Beautifully engraved antique stock certificate from the Admiral Corporation dating back to the 1970's. This document, which carries the printed signatures of the company President and Secretary, was printed by the American Bank Note Company, and measures approximately 12" (w) by 8" (h).
This certificate features a great vignette of a pair of allegorical figures flanking a view of a man conducting an orchestra.
You will receive the exact certificate pictured.
Once monochrome broadcasts were common, CBS and RCA went to war with different color broadcast systems. Baird had demonstrated a crude color system as early as 1928. CBS, which proposed its Field Sequential System in 1940, fought its way through the courts, received approval for color broadcasts to begin June 25, 1951. CBS produced a gala opening broadcast. The only problem? CBS Color Television, while of very high quality, was incompatible with the monochrome sets that were now being sold in increasing numbers. While CBS pondered the problems, the Korean War shut down all color tv production.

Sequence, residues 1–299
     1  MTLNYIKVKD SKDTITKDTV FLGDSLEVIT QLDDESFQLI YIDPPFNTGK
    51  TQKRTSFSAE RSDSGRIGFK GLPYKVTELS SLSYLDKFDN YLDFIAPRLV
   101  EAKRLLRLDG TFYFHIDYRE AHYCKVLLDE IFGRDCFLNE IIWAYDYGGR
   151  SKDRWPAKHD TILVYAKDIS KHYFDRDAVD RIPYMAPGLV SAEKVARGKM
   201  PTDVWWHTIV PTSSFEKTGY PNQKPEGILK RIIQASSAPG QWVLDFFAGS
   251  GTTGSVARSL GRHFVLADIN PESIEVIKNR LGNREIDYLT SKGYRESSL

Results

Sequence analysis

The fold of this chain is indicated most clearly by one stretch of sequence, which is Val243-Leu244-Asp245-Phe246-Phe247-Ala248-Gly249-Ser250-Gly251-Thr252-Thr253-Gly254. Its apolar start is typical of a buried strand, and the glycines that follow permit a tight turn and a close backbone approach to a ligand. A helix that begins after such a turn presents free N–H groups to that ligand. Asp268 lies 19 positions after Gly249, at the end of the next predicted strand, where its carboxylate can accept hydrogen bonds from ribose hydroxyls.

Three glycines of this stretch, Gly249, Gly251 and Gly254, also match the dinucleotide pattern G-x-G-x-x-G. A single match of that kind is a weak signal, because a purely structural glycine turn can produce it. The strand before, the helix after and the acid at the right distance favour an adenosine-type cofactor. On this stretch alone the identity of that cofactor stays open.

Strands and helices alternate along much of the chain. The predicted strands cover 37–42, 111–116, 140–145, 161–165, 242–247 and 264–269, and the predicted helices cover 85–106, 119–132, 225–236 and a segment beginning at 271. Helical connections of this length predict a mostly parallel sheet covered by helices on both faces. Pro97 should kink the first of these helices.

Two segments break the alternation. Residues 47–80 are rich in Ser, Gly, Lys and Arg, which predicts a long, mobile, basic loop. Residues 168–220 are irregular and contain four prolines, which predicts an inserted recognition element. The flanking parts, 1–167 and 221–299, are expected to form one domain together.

After the Korean War, RCA sought to get the FCC to revisit the matter of color standards, pushing its NTSC system. Based partially upon its compatibility with monochrome televisions sets, the FCC approved the RCA-NBC backed NTSC color method on December 17, 1953, replacing the CBS system, effective January 22, 1954. Among the first compatible televisions sold was the Admiral, selling for $1175 (over 1/2 the average salary in the US that year), and the RCA CT100. The price of a receiver dropped to under $200 is about a year.